Violet metal pyjamas freeze to skin.
Blue jays decry noisy construction work.
Flesh lips rot in a bird's recycling bin.
Wrestler clergy have no undisclosed perk.
Kool-aid shrines implode in affirmation.
Two brutal birds bushwhack one thrifty stone.
Plexiglas ore poisons vegetation.
Gas seeps into apartments of the bone.
Shrouded bank vaults melt in a bright green cloud.
Raisin mermaids permit dried cranberry.
Commie bonnets never seek cash out loud.
Vanished islands thwart the useful ferry.
An ant's extra thorax makes him a freak.
Every third drone's psychosis is unique.
I watched Atom Egoyan's 1994 film Exotica last night. It's a fascinating film about sexuality that, in the end, might convince viewers that it was never actually about sexuality to begin with. But it's by exploiting our presumptions that the film seems to communicate its statement.
My favourite example is a scene where Bruce Greenwood's character with Christina (Mia Kirshner), a woman who works at the strip club Exotica and regularly gives him lap dances, exchanges ritualistic dialogue about how he needs to be around to protect her. Christina's dressed in a school uniform and Elias Koteas, as the DJ, continually ruminates on the mic about the appeal of school girls. Later revelations in the film tell us that the relationships these characters have are quite different from how they appear, yet it still seemed to be a commentary on sexuality to me. It's like eating vegan mayo making you think about what's distinctive about the flavour of real mayo.
The movie's filled with isolated characters attempting to find connexion through ritual. A subplot features a man named Thomas almost having a sexual encounter with a man who buys a ballet ticket from him. Thomas chickens out, but later he recreates the experience repeatedly by selling ballet tickets on the street to guys he eventually goes out with.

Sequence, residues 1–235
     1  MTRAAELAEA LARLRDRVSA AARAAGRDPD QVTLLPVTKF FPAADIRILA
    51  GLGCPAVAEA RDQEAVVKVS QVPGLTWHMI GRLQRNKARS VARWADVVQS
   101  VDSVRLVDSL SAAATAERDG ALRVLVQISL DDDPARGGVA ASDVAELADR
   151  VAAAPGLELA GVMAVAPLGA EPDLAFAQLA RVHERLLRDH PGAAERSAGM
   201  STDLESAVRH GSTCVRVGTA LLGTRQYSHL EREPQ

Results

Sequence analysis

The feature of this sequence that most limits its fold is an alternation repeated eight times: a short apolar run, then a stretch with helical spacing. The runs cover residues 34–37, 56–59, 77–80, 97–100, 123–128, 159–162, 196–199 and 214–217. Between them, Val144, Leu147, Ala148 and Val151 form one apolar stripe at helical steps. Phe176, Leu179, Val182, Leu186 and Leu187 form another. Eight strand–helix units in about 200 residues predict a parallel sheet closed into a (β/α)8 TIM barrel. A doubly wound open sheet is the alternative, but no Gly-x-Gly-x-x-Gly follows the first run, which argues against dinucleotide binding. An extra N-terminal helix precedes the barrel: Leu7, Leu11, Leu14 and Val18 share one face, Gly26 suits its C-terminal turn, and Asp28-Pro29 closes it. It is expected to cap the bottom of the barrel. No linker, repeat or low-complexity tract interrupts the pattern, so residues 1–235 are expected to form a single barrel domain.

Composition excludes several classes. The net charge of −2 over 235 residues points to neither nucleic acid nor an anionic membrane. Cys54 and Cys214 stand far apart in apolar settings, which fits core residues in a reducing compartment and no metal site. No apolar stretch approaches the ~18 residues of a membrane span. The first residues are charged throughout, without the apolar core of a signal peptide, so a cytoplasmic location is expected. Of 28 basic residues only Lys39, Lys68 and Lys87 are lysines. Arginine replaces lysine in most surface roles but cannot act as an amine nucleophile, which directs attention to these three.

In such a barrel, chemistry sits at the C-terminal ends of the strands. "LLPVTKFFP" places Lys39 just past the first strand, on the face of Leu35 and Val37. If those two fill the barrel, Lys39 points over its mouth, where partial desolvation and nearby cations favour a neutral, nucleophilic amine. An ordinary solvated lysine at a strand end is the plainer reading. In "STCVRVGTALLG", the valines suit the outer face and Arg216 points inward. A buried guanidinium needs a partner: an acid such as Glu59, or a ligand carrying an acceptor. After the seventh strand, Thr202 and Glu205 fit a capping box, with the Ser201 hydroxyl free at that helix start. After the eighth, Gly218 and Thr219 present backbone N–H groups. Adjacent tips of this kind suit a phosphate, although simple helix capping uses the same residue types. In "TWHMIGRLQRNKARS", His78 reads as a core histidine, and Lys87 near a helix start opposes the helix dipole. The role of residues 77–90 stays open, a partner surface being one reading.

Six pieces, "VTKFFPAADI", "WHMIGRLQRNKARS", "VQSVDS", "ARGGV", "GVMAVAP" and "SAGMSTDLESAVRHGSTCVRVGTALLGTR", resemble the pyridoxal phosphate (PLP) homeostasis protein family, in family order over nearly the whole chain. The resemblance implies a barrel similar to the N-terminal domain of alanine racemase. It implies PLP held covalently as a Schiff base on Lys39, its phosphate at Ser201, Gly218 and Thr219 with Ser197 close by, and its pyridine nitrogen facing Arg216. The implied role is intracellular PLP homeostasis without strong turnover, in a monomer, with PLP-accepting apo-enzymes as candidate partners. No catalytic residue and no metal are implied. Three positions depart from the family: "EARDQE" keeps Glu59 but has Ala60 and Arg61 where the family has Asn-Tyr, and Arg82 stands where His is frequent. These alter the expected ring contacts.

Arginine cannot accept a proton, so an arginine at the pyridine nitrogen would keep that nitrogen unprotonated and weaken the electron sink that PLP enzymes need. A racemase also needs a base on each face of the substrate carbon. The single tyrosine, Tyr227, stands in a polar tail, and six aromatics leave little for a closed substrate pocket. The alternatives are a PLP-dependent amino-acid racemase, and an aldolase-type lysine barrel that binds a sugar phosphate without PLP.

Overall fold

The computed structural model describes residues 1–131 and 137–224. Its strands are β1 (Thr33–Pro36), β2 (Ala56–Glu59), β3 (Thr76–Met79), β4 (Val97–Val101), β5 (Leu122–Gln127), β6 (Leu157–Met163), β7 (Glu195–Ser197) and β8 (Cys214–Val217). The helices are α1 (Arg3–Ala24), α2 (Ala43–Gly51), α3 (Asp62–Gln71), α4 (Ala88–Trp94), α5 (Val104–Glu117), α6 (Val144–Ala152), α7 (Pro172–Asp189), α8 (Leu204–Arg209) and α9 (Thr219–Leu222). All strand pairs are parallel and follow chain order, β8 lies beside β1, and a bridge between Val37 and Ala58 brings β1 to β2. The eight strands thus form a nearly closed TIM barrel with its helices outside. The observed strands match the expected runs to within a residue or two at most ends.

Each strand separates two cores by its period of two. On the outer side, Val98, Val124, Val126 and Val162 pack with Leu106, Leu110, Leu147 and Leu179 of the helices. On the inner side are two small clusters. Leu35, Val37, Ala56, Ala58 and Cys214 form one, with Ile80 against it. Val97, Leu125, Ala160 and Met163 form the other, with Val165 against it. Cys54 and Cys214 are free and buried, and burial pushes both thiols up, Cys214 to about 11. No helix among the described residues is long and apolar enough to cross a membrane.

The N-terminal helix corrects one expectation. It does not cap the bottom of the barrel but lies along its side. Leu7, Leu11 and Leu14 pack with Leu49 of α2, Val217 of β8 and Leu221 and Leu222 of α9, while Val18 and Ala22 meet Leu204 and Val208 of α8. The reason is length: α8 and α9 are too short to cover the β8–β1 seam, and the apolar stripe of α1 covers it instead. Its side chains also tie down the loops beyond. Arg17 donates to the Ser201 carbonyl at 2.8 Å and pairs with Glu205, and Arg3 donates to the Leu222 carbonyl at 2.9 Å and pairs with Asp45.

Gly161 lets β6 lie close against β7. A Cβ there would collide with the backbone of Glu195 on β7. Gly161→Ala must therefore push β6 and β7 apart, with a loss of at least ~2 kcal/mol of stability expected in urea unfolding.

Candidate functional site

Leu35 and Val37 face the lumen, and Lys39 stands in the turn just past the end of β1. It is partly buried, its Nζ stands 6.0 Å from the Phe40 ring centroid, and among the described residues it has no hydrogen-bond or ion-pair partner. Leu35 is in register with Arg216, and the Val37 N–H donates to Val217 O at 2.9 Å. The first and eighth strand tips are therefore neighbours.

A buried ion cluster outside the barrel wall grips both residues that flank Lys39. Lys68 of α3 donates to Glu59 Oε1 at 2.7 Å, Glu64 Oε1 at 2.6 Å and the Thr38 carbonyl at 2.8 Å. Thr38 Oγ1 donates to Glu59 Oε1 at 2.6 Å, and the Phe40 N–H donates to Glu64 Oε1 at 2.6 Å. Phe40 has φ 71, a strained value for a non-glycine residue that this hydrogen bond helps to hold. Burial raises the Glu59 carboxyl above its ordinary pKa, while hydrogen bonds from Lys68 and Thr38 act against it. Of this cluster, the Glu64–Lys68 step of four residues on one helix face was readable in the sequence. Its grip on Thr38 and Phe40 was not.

Thomas is involved in an exotic animal smuggling operation, and his conversations with Greenwood's character, Francis, who's auditing him as part of an investigation into the smuggling scheme, is dripping with loud subtext, like so many conversations in the film--Thomas' pet shop is too warm for Francis, who asks that the heat be turned down, adding he can understand why odd temperatures would be necessary for the animals. Thomas says that actually the animals are surprisingly "hardy." Francis almost defensively says he never said the animals weren't hardy.
Sometimes I found this stuff over the top. I'm on the fence about whether or not I like the big switch at the end--I kind of would've liked something much weirder, a bolder statement on human psychology, but I bet the way it is fucked with the minds of a lot of squares.
What I liked was how the film was ultimately about people vainly trying to find a way to live in a world they're not really connected to, seeking to build something to replace that feeling of connexion with these rituals and calculated words. "You never asked to be born into this world," as Francis says at one point. He can't help but wonder sometimes, "Who did?"
It's a nice looking film. Christina dancing to Leonard Cohen's "Everybody Knows" is great for its sexiness and depth of meaning. I don't think I liked it quite as much as Egoyan's Chloe, though.